T1 and T1 Mom says
While Scribe often posts about his miraculous life with diabetes, most T1’s do not have the same perspective. I hate the disease and I hate what it is doing to my child.
I often read scribes post at another website and am always left to wonder what drugs he is on and where can I get some. His posts in no way shape or form match anything I have ever experienced in myself or my child.
First of all, thank you for acknowledging the T1 community and the hurdles we jump to maintain wellness. I genuinely appreciate the time you’ve taken to learn about T1 and the intricate details that are necessary to manage this disease.
To address Scribe, I’d like to say that I hope — I REALLY HOPE — that, one day, my daughter will be able to look back and say that her diabetes is no big deal.
For now, however, she can’t. She’s 7 and was dx almost 6 years ago. No matter how hard I try to carry the burden…no matter how I try to protect her from worries…no matter how vigilant I am trying to keep up with growth spurts and avoiding rapid swings from highs to lows…she still can’t escape this reality.
At night when I check her, she wakes up and asks what her number is. She gets nervous about jumping on a trampoline or going to a birthday party with a bounce house because she understands the impact it may have on her blood sugar. She gets frustrated when she’s trying to read, but her eyes are blurry because her blood sugar is high. She carries her bag of supplies everywhere and panics if she loses sight of it.
I can appreciate that there are tragedies in this world that make living with T1 Diabetes seem mundane. Those horrific scenes provide perspective and act as a reminder to me that every day is a precious blessing. I also appreciate that you feel T1 is simply “no big deal” in your life.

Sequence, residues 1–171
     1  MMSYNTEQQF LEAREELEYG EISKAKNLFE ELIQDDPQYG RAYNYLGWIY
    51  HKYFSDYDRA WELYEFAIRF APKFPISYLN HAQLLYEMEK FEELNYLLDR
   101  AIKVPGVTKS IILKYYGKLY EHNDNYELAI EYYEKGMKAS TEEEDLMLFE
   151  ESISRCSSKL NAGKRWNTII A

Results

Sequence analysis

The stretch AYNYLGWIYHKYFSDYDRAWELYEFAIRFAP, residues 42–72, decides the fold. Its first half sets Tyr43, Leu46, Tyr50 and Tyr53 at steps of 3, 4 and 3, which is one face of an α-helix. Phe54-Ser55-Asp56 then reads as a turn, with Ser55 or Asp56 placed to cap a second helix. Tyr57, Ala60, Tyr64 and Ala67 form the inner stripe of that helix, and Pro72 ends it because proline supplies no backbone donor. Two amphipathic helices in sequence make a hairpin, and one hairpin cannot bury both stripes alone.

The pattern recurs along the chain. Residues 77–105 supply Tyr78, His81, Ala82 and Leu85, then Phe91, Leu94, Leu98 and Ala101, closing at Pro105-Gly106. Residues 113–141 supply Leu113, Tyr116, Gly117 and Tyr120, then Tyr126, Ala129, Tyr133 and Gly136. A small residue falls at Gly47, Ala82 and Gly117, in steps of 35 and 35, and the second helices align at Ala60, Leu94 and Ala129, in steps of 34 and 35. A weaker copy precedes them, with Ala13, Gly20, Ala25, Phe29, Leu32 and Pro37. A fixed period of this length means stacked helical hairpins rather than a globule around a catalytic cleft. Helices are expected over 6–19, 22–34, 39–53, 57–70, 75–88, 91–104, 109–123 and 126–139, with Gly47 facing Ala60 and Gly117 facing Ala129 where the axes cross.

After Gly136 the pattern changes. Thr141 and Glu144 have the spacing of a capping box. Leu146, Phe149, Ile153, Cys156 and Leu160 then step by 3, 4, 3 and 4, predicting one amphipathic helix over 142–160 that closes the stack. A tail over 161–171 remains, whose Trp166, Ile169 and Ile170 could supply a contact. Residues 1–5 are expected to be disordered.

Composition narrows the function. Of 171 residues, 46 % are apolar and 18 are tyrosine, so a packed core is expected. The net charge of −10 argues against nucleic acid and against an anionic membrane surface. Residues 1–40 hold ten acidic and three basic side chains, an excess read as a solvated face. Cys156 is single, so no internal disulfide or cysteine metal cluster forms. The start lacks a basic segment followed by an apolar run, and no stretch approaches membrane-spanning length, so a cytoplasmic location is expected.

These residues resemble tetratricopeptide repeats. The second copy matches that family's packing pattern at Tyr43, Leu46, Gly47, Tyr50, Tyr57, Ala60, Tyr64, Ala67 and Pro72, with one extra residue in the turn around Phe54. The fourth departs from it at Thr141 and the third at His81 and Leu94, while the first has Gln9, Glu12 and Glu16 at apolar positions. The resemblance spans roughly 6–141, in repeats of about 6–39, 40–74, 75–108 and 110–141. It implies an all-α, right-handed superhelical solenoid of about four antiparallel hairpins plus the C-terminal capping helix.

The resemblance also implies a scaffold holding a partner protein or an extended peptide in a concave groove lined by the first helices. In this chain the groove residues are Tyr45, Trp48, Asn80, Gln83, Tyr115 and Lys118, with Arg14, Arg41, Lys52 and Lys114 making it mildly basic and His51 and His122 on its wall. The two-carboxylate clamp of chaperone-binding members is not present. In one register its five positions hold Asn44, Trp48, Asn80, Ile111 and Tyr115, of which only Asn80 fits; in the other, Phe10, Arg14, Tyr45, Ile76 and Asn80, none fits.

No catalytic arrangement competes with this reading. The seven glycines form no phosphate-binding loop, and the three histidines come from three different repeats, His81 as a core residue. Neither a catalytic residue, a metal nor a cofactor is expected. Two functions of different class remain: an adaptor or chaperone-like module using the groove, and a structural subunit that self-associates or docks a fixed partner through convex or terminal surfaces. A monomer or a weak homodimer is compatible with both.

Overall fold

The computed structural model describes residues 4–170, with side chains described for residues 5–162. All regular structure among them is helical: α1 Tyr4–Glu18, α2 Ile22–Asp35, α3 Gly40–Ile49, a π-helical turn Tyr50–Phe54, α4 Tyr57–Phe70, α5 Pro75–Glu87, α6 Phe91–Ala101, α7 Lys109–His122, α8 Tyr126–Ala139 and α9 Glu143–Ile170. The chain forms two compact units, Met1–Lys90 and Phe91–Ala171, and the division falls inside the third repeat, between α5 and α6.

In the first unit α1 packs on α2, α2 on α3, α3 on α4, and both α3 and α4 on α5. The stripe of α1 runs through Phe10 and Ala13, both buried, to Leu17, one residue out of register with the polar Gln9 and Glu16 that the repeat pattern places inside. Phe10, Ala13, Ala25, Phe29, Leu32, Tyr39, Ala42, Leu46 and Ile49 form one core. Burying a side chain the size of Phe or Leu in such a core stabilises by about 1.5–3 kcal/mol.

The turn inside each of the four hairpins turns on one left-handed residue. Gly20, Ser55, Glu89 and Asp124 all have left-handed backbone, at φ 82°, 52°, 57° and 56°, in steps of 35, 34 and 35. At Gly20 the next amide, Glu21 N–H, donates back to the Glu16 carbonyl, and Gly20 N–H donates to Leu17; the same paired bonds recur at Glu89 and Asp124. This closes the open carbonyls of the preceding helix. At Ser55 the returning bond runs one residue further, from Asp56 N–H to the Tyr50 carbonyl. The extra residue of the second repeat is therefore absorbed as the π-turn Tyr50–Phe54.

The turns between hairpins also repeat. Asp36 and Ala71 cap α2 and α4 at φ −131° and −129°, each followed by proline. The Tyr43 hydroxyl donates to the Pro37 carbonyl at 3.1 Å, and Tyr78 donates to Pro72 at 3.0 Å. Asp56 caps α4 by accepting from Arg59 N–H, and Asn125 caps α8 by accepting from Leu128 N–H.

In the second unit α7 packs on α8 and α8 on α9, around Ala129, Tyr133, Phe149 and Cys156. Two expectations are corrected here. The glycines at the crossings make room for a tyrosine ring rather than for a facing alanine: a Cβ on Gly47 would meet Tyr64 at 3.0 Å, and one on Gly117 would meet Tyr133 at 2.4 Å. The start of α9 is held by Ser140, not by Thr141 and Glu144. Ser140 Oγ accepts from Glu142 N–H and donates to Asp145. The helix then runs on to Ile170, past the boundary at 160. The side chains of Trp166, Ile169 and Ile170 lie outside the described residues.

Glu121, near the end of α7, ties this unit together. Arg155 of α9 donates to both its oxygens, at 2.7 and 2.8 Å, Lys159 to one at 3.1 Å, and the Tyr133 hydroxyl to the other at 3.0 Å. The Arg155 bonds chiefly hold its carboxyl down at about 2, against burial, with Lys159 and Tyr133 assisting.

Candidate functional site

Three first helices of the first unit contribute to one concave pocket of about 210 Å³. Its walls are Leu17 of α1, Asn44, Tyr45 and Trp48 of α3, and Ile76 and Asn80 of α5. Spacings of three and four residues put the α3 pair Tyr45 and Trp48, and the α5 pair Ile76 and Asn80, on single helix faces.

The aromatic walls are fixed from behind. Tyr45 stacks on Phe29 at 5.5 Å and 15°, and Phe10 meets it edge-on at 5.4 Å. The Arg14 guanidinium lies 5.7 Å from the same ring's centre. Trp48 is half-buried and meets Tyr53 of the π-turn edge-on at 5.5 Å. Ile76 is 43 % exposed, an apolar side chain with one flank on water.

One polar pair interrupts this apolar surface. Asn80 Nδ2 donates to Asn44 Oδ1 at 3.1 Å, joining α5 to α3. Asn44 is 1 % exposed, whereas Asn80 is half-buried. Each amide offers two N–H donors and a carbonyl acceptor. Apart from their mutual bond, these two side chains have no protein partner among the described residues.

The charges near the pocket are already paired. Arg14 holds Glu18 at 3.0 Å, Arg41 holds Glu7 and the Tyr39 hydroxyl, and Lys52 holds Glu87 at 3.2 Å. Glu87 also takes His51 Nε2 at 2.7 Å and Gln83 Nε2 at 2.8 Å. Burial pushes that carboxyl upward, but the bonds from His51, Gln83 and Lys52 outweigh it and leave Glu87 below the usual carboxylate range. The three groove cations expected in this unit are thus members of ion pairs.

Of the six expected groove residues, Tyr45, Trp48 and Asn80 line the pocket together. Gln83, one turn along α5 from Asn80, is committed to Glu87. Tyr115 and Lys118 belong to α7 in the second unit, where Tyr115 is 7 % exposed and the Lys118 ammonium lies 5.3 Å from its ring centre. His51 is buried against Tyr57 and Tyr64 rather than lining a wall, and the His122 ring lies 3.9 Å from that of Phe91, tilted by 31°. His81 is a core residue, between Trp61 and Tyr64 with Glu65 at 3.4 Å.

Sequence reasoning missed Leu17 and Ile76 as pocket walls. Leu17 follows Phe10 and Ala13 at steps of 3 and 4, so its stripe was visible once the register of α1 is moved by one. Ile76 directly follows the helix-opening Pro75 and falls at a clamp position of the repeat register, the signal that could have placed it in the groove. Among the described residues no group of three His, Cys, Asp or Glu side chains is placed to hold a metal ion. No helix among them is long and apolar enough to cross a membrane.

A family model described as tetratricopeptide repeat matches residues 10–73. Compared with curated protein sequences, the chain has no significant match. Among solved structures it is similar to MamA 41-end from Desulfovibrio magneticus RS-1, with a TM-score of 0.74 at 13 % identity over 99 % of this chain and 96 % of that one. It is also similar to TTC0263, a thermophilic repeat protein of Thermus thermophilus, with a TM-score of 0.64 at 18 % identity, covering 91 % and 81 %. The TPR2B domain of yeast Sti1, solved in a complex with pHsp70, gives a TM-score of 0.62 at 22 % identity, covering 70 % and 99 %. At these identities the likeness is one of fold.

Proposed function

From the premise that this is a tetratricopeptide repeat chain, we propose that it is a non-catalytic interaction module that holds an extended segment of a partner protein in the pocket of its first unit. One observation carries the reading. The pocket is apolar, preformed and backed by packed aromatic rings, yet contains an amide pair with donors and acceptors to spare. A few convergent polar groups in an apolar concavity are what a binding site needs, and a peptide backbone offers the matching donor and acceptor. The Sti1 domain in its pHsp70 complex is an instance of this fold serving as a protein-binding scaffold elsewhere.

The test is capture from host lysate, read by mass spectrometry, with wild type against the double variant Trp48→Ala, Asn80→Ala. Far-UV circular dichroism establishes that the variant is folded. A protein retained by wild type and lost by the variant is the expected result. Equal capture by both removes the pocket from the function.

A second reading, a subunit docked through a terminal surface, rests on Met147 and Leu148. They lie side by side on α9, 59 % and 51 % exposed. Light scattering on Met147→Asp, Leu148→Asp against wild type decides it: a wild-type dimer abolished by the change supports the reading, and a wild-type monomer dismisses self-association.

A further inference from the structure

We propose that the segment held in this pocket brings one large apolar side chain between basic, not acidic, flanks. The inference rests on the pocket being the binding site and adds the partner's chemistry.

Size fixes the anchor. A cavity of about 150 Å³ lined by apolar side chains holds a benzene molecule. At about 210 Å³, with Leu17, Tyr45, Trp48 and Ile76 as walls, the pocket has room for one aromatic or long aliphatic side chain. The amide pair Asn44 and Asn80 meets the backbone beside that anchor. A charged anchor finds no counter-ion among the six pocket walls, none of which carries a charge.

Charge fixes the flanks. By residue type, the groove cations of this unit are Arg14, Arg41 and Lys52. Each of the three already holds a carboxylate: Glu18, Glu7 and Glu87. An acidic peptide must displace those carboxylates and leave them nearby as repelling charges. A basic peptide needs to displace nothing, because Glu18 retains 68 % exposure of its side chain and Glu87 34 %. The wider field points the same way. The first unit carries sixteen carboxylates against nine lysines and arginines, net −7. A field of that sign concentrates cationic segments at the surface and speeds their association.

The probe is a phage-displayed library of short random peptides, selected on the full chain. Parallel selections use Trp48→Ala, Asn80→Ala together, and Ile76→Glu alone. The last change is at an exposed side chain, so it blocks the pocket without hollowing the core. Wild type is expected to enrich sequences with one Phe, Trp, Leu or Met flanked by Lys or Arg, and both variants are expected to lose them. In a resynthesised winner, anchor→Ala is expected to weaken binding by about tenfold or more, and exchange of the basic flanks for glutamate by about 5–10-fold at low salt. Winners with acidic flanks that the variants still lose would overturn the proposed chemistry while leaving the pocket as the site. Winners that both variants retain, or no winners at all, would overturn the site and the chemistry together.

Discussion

But it is a big deal in ours…and there’s nothing “normal” about poking your kid for drops of blood, counting every carb she puts into her mouth, and desperately trying to make sure everyone around her understands how to recognize and treat a low blood sugar.
If there’s anything I’ve learned over the past 6 years, it’s that T1 is a beast that must be respected. It cannot — EVER — be misconstrued as a minor inconvenience, because the second I let down my guard, it could take her life.
As the mother of a 3 year old little girl (who was dx’d at 12 months), this was a very refreshing read. Diabetes is so all-consuming and doesn’t play fair… you can do everything exactly right and STILL get numbers that make no sense. It’s like trying to play a game and the rules keep changing on you.
As the mother of a CWD, I want to thank you for “getting it”. Not many people truly do. As for Scribe… I can assure you he is in the minority. No, we don’t all sit around saying “Oh woe is me” day in and day out, but D IS hard on everyone involved and it DOES suck!